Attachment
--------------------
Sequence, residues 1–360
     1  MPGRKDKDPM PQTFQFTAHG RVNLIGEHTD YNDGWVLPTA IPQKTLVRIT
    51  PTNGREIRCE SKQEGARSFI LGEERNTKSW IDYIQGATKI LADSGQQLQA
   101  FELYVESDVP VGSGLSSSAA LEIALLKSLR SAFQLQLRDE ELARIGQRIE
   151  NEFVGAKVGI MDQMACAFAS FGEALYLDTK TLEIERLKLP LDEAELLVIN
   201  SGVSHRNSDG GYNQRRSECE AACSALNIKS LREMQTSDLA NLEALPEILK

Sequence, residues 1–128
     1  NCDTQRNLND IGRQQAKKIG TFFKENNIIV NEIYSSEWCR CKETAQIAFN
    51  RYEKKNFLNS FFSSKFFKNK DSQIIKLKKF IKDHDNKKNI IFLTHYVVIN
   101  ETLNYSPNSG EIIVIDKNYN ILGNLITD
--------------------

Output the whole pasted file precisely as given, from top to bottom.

Sequence, residues 1–360
     1  MPGRKDKDPM PQTFQFTAHG RVNLIGEHTD YNDGWVLPTA IPQKTLVRIT
    51  PTNGREIRCE SKQEGARSFI LGEERNTKSW IDYIQGATKI LADSGQQLQA
   101  FELYVESDVP VGSGLSSSAA LEIALLKSLR SAFQLQLRDE ELARIGQRIE
   151  NEFVGAKVGI MDQMACAFAS FGEALYLDTK TLEIERLKLP LDEAELLVIN
   201  SGVSHRNSDG GYNQRRSECE AACSALNIKS LREMQTSDLA NLEALPEILK

Sequence, residues 1–128
     1  NCDTQRNLND IGRQQAKKIG TFFKENNIIV NEIYSSEWCR CKETAQIAFN
    51  RYEKKNFLNS FFSSKFFKNK DSQIIKLKKF IKDHDNKKNI IFLTHYVVIN
   101  ETLNYSPNSG EIIVIDKNYN ILGNLITD